GU team’s research wins the Best Student Paper Award

The paper on ‘Empirical Analysis of Oral and Nasal Vowels of Konkani’ won at the 10th Language and Technology Conference (LTC 2023) in Poland. NT KURIOCITY gets you the details


Konkani is a highly nasalised language which makes it unique among Indo-Aryan languages. The research paper, ‘Empirical Analysis of Oral and Nasal Vowels of Konkani’ investigates the acoustic-phonetic properties of Konkani oral and nasal vowels.

The research by Swapnil Fadte (assistant professor, Computer Science and Technology Discipline, Goa Business School- Goa University), Edna Vaz (Government College of Arts Science and Commerce Quepem, and Department of Linguistics, University of Mumbai), Atul Kumar Ojha (adjunct lecturer and postdoctoral fellow at the College of Science and Engineering, University of Galway, Ireland), Ramdas Karmali (assistant professor at Goa University) and Jyoti D. Pawar (professor and dean of Goa Business School) was recently presented by Fadte at the 10th Language and Technology Conference (LTC 2023): Human Language Technologies as a Challenge for Computer Science and Linguistics held in Poznan, Poland.

For this study, speech samples from six speakers (three male and three female) were collected. A total of 74 unique sentences were used as part of the recording script, 37 each for oral and nasal vowels, respectively. The final data set consisted of 1,135 vowel phonemes. A comparative plot of Konkani oral and nasal vowels was presented with an experimental result and formant analysis.

The paper which won them the Best Student Paper Award at the conference is helpful for the linguistic research on vowels and speech synthesis systems specific to the Konkani language. The research took around a year. The team did it in phases. First phase was to identify recording scripts, later they did recording of speakers and after that data cleaning and data verification was done by Vaz, who is a linguist. Once the data was verified, acoustic properties were extracted from speech data.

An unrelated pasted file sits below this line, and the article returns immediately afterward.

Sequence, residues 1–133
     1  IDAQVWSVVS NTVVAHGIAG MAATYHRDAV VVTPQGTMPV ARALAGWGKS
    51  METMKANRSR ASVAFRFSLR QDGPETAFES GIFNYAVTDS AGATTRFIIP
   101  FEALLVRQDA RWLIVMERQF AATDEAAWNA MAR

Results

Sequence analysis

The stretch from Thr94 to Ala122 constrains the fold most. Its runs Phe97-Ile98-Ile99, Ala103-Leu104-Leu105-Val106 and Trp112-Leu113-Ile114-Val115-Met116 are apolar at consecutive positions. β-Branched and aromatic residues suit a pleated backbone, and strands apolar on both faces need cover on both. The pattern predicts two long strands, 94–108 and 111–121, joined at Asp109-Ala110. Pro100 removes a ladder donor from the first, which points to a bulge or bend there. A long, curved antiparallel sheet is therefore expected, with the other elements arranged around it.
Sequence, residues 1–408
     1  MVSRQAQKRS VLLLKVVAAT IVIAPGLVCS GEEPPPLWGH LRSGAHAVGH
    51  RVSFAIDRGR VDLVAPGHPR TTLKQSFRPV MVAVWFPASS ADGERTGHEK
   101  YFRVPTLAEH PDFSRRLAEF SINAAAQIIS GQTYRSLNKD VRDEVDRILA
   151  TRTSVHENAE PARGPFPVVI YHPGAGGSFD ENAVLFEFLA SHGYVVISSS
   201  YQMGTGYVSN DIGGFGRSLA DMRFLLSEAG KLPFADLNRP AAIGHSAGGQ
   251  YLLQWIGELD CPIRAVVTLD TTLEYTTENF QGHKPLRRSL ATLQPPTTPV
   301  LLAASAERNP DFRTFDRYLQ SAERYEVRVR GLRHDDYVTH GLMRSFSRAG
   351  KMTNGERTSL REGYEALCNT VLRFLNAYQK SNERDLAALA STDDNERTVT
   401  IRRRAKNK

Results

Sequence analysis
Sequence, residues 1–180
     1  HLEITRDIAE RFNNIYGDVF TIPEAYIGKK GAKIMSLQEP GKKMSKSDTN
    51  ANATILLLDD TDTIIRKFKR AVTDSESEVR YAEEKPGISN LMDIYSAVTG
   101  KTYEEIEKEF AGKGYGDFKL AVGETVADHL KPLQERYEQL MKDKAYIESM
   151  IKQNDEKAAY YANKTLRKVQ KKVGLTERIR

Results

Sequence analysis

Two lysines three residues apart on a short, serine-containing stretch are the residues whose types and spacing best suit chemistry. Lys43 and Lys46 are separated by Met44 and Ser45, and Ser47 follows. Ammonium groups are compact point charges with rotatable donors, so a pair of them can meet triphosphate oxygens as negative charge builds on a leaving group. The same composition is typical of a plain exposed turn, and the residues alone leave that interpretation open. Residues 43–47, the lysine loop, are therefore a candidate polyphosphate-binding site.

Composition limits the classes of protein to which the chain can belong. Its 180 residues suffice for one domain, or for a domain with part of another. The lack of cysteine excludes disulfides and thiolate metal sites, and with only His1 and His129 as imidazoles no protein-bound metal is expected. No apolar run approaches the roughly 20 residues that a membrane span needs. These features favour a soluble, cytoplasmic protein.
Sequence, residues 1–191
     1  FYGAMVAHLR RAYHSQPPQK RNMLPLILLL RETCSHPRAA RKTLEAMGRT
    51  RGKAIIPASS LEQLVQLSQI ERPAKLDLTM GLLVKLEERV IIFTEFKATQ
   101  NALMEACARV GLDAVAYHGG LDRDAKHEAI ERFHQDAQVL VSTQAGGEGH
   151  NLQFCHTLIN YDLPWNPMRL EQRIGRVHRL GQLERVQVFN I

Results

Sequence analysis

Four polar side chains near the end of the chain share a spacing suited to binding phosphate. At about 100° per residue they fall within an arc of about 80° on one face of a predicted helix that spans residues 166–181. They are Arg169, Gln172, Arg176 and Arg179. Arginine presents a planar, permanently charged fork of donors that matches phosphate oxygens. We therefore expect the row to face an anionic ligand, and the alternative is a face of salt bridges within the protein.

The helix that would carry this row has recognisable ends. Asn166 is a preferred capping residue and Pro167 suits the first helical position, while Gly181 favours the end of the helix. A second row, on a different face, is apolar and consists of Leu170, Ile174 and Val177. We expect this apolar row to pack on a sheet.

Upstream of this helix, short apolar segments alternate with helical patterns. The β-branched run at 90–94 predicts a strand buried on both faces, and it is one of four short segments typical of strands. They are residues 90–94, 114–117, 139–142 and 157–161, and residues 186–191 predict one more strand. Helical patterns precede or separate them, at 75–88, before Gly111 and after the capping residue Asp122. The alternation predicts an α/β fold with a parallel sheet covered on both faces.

Later, the data was analysed to provide comparative study of oral and nasal vowels. Finally, the results were compiled and communicated at the conference.

Fadte, who is also a research scholar pursuing his Ph.D in the area of Automatic Speech Recognition (ASR), says, “This paper is a collaborative work which was done as an extension work on ‘Acoustic Analysis of Vowels in Konkani’ which I have previously worked on. With that study we actually read a few classifications which were given by linguists over time. However there was no agreement on the exact number of vowels as a part of Konkani language. So we classified the vowels in Konkani through acoustic study. With this paper we were able to prove that nasalisation is phonemic in Konkani.”

This means that the oral and nasal counterparts for the vowels when they occur in any word, changes the meaning of that word. For example, an oral sound ‘aa’ as in vaat (वाट, ‘way; path’. means way or rosto. Whereas when you add nasalisation in ‘aa’ it becomes ‘aaM’ and the word becomes vaant (वांट, ‘grind’. v.’) which changes the meaning.

Thus, through this work they have identified close vowel pairs for all vowel sounds in Konkani. “We have done an acoustic study on it and what we have proved is that all oral sounds can be nasalised. We have shown that vowels occupy different positions in format space and it proves that nasalisation is phonemic which is quite unique for a language like Konkani and not common in most other Indo-Aryan languages,” he adds.

He mentions that they have not looked at all phones in language but have only worked on vowel phones. “The classification we took is from our previous work where we have classified all Konkani vowels. In this work we have identified the nasal counterpart of oral vowels and then we have identified word pairs like (शी (‘ugh’ excl.) and शीं (cold)) which are quite close in pronunciation.”

The phonemic property of nasalisation was known but never tested through experiment before. And with this research the team was able to prove the hypothesis that oral sounds can be nasalised and the nasalisation is phonemic.

Fadte tells us that most of the linguists agreed that Konkani vowels can be nasalised and nasalisation changes the meaning. “They gave some examples for few vowels but we never found examples for all vowels in any literature. Thus, we took this as a challenge and identified closed word pairs where just a single nasalisation property applied on the phoneme which is the vowel phoneme in that word which changes the meaning. This was an extensive study and we were fortunate to have a linguist as one of the co-authors in this work.”

Currently, Fadte in collaboration with the other authors is working on a phonetic dictionary for Konkani language, in order to provide accurate pronunciation of Konkani words.